Libya has been urged by western powers to quickly reschedule the delayed presidential elections that were scheduled to take place on Friday.
Britain, France, Germany, Italy and the US said they would continue to recognise Libya's interim government after its presidential election was delayed, but called for the new polling date to be set as soon as possible.
“We call on the relevant Libyan authorities to respect the aspirations of the Libyan people for prompt elections by swiftly determining a final date for the polling and issuing the final list of presidential candidates without delay,” the five nations said in a joint statement.
The vote was intended to mark a fresh start for the country.
Political wrangling over the legal framework governing the vote, a surge in militia fighting, polarising candidates and years-long divisions between Libyans have complicated the process.
The fate of the interim Government of National Unity, which was installed in March as part of a UN-backed peace process, has become a major source of disagreement in the fallout over the collapse of the election.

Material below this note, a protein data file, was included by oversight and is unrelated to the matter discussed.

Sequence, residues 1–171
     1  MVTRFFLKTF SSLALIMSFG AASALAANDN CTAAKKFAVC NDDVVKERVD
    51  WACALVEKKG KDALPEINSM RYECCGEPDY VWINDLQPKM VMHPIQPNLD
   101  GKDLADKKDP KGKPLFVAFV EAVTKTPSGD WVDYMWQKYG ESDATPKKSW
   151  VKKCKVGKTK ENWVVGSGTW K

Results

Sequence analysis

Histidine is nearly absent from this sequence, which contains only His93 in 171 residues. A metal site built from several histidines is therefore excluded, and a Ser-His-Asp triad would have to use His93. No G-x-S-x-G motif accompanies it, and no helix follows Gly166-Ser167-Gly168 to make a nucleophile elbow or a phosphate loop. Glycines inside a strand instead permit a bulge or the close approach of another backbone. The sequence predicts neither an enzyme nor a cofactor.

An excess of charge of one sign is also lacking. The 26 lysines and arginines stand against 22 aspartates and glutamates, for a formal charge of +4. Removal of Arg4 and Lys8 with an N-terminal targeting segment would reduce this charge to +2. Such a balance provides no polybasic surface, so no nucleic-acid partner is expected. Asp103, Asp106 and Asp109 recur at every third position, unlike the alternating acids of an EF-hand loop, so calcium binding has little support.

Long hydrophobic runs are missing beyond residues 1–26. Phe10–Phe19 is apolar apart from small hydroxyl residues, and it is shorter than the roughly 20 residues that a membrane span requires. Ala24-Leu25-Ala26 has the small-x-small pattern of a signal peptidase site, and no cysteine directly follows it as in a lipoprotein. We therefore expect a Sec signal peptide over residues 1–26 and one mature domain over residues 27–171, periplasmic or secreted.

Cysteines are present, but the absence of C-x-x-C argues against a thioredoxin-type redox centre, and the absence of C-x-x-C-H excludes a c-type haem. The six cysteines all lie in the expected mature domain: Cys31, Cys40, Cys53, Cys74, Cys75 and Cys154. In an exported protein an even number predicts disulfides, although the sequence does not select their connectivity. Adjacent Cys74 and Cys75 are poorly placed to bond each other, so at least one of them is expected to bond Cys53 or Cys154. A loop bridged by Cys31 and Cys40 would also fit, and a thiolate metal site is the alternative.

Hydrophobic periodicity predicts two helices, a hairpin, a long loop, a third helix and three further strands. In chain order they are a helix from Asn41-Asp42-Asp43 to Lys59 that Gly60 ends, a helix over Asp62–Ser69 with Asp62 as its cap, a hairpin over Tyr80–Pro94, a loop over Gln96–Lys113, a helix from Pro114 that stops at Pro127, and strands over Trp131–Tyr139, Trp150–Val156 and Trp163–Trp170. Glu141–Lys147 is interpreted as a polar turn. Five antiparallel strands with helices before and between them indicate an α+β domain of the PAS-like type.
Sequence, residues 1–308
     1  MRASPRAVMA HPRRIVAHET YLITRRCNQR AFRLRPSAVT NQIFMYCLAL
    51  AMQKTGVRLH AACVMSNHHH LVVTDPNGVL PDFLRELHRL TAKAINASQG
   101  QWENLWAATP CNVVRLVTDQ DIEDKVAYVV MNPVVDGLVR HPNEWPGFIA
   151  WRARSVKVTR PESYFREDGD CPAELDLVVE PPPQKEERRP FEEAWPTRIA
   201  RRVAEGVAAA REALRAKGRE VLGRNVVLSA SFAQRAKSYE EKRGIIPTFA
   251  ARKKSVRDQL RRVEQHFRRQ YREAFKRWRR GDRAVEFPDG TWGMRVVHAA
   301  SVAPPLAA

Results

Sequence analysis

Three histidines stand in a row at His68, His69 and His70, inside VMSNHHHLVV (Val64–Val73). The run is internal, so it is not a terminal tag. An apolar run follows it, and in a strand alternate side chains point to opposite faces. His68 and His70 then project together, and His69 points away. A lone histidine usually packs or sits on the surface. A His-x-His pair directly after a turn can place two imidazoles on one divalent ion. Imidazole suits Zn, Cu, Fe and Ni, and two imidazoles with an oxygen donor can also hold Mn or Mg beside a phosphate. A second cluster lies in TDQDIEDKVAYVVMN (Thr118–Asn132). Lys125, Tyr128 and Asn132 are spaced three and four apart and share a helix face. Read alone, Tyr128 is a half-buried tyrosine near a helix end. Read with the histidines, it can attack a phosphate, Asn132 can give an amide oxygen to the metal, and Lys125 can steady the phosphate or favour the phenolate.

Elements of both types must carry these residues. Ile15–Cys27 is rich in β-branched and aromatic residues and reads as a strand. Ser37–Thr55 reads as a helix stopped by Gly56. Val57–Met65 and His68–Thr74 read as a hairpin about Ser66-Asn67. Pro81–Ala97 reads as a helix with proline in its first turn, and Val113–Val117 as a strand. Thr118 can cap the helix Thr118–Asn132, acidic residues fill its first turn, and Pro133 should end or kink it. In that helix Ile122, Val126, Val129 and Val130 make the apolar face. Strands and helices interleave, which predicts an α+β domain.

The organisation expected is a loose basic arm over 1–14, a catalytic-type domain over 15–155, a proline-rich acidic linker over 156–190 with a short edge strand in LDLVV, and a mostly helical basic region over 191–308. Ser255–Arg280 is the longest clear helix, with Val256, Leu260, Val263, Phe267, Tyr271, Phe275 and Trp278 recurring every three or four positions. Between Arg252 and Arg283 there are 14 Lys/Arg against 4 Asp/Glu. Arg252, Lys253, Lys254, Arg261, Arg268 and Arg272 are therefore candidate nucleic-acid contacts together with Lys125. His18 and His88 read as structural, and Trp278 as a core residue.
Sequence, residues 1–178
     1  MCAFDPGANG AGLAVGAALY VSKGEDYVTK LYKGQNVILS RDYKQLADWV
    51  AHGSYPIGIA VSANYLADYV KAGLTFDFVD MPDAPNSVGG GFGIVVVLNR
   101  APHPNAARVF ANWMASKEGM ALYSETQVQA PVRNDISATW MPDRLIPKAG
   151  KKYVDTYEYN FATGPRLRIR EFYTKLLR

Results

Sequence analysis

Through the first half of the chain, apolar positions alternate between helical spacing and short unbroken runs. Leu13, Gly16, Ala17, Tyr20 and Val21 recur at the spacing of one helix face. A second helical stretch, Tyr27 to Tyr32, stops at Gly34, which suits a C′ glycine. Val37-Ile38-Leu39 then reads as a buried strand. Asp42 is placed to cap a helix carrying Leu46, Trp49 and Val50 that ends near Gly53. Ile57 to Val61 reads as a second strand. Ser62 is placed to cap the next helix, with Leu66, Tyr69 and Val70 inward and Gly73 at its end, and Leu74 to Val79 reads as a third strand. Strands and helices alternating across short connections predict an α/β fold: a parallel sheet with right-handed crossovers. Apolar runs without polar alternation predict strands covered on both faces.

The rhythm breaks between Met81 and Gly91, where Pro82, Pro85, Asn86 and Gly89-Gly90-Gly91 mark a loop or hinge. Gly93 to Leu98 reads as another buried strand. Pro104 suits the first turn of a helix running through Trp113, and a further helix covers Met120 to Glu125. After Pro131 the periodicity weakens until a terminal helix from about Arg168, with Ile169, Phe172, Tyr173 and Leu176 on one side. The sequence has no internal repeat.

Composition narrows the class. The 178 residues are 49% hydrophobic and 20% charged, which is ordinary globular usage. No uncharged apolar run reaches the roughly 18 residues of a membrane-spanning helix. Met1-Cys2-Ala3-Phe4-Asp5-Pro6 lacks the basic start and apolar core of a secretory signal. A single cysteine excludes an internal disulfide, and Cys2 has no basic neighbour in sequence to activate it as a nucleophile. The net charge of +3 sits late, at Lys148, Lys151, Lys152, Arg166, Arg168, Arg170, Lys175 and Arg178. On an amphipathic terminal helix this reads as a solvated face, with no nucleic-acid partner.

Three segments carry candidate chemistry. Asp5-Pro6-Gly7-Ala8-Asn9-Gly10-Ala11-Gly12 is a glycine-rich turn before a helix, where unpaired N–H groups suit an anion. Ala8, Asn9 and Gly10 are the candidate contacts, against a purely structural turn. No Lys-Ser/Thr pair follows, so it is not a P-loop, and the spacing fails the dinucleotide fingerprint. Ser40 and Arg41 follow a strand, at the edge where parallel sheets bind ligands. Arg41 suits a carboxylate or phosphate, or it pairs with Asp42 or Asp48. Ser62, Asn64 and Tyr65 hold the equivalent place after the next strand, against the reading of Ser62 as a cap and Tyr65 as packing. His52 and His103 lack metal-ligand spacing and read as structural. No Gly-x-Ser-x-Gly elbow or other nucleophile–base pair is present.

Authorities overseeing the election said earlier this week that the Friday vote would be “impossible”, ending weeks of speculation over a delay.
The chairman of the parliamentary committee overseeing the vote wrote to the assembly's speaker, saying that “after consulting the technical, judicial and security reports, we inform you of the impossibility of holding the elections on the date of December 24, 2021".
It did not propose an alternative date, which was set last year during UN-led peace talks in Tunis. UN special envoy Jan Kubis, however, resigned just weeks before the ballot with the election intended to go hand-in-hand with parliamentary polls.
Libya's parliament is to meet on Monday to debate a new timeline for elections.
The country has seen a year of relative calm since the October 2020 ceasefire though rival militias were seen roaming the streets of the capital on Wednesday.
About 2.5 million people – a third of the population – were due to choose Libya’s first elected president on December 24.
Since Nato’s intervention to remove Muammar Qaddafi in 2011, Libya has been the theatre of international and regional feuds, hosting foreign personnel aligned with the clashing governments in the east and west.
With a spectre of renewed conflict already looming, militias have started to flex their muscles, breaching a UN-brokered ceasefire that began in October last year.